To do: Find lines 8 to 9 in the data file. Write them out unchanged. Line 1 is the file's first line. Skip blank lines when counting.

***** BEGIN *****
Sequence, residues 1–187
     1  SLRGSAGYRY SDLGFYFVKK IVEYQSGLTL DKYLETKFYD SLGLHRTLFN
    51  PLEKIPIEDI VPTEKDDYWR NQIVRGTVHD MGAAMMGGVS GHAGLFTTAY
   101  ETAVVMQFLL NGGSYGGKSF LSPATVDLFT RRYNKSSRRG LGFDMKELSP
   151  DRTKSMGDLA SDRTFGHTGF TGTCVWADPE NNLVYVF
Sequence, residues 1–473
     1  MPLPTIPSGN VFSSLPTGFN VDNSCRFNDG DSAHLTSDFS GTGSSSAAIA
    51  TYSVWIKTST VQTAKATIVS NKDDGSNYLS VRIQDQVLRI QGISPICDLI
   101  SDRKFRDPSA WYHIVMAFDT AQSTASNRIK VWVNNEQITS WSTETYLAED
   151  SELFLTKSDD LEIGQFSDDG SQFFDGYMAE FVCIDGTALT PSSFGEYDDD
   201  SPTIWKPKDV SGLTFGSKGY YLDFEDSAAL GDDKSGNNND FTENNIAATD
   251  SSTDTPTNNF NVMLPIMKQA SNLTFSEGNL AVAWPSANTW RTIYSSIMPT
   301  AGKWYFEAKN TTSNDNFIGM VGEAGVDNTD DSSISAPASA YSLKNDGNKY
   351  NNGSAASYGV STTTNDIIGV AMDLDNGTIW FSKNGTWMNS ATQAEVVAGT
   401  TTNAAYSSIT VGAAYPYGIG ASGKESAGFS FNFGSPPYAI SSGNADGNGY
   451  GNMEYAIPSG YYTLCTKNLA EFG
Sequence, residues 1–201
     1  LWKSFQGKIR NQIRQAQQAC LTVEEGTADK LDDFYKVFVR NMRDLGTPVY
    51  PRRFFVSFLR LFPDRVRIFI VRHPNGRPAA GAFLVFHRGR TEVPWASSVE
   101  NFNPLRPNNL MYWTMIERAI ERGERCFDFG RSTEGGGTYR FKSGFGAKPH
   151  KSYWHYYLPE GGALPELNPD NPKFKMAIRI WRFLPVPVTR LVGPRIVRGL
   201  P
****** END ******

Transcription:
    51  TYSVWIKTST VQTAKATIVS NKDDGSNYLS VRIQDQVLRI QGISPICDLI
   101  SDRKFRDPSA WYHIVMAFDT AQSTASNRIK VWVNNEQITS WSTETYLAED